H, Lewis could have sold his shares on the open market a few weeks before the offering and received a higher price. He chose instead to sell only if the offering was oversubscribed, and at a set price. This type of sale would have added non dilutive shares to the overall offering, while allowing Lewis to cash in 10 Milion worth of his shares without hitting the bids on the open market. The true definition of a secondary offering is when major shareholders use an investment banking firm to sell THEIR shares at a fixed price. Insmed's offering was a dilutive secondary offering. Lewis should be hung in the gallows!! I, of course, say that quite sarcastically.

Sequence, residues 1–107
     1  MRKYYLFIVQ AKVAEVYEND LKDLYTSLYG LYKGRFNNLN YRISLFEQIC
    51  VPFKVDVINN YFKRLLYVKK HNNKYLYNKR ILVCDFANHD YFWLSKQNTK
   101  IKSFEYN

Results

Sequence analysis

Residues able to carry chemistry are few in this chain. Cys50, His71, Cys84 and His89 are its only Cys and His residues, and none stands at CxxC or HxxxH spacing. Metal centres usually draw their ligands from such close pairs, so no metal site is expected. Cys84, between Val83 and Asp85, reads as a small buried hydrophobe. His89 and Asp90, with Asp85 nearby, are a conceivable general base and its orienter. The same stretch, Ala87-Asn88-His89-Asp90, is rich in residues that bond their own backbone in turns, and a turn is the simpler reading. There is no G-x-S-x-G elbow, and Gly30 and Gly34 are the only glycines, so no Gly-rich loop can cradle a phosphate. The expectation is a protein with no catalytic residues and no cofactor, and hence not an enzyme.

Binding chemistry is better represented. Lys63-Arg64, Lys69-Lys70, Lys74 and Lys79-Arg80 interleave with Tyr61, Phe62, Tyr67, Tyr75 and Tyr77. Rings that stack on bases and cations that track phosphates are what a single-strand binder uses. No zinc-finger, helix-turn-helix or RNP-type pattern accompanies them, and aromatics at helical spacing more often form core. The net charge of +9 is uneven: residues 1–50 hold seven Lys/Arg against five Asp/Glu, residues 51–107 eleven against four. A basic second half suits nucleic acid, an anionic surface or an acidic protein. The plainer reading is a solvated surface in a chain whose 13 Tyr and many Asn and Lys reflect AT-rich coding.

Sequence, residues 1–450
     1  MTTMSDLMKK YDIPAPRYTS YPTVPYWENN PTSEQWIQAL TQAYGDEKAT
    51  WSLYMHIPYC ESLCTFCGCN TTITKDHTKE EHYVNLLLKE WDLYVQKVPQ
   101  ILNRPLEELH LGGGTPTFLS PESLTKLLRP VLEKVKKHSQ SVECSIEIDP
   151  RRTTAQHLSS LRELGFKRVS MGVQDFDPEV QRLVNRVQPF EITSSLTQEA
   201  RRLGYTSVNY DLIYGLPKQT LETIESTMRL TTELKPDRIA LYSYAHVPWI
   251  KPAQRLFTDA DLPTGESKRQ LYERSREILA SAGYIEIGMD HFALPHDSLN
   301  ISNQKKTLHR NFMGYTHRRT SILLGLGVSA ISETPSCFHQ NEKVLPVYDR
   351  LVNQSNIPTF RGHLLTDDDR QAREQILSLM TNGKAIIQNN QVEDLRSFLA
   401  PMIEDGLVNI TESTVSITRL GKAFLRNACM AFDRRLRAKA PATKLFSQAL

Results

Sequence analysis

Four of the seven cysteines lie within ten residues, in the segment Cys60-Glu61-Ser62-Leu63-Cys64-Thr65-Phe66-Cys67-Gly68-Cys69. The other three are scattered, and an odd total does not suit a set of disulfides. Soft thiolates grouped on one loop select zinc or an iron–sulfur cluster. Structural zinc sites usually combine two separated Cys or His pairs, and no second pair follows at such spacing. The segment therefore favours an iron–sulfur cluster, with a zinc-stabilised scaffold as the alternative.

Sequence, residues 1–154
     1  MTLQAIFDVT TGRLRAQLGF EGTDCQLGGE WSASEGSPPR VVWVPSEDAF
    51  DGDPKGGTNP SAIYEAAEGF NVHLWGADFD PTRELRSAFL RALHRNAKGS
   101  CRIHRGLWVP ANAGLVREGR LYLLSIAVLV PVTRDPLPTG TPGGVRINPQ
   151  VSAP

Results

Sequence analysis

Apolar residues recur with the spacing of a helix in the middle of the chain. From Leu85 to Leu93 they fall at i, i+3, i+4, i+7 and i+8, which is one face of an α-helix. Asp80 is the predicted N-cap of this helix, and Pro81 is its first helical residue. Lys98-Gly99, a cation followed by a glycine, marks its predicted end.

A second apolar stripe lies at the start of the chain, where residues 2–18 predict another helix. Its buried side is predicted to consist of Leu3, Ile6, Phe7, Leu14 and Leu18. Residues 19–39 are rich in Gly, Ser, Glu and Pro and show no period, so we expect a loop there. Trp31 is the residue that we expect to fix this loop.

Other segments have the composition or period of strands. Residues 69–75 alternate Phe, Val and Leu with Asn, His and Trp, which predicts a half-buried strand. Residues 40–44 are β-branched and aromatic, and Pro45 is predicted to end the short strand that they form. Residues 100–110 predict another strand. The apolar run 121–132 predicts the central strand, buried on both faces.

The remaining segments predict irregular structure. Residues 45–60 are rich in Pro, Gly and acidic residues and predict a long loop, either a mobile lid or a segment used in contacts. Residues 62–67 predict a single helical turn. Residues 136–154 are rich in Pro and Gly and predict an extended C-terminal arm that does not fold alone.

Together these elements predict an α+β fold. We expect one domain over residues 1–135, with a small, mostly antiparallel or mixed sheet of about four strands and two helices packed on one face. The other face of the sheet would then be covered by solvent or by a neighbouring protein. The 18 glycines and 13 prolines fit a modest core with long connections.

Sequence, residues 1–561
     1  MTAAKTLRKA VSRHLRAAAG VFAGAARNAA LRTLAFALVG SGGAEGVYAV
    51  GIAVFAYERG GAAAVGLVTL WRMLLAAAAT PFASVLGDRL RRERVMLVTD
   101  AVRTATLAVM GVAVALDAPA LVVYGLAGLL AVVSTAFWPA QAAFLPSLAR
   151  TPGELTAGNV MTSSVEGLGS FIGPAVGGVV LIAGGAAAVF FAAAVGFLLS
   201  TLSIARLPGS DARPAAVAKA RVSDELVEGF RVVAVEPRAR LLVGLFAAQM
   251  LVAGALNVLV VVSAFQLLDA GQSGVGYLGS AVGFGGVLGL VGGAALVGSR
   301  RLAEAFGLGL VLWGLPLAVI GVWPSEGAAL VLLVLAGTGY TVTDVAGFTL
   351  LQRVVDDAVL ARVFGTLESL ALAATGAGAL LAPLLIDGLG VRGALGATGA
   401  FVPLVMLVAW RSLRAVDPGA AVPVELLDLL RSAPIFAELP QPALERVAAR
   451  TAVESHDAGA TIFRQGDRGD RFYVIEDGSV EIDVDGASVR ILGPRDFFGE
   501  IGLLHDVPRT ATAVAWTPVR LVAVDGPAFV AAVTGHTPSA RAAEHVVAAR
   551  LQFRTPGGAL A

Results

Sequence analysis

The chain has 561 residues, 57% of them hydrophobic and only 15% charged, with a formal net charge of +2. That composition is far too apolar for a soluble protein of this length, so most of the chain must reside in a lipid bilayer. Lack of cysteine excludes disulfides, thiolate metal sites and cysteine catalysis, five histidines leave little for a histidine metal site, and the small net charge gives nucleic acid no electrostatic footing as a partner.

I'm more frustrated that Nicole Schaefer sold far less shares, but a greater percentage of her holdings, on the open market while the share price was falling....sharply. When the stock price is falling and suddenly an officer sells nearly a third of her shares, hitting the bid on the open market, it doesn't instill much confidence to investors.
All that said, I have seen so many 30% plus moves in Insmed over the past ten years that when they come I am afraid to say that I hardly even blink. Going from 31 last July to 11 in December was the most painful, but it was nice to rebound back into the 30's in 3 months. I suspect that something similar will happen again this time, and if it decided to start today I wouldn't complain one bit.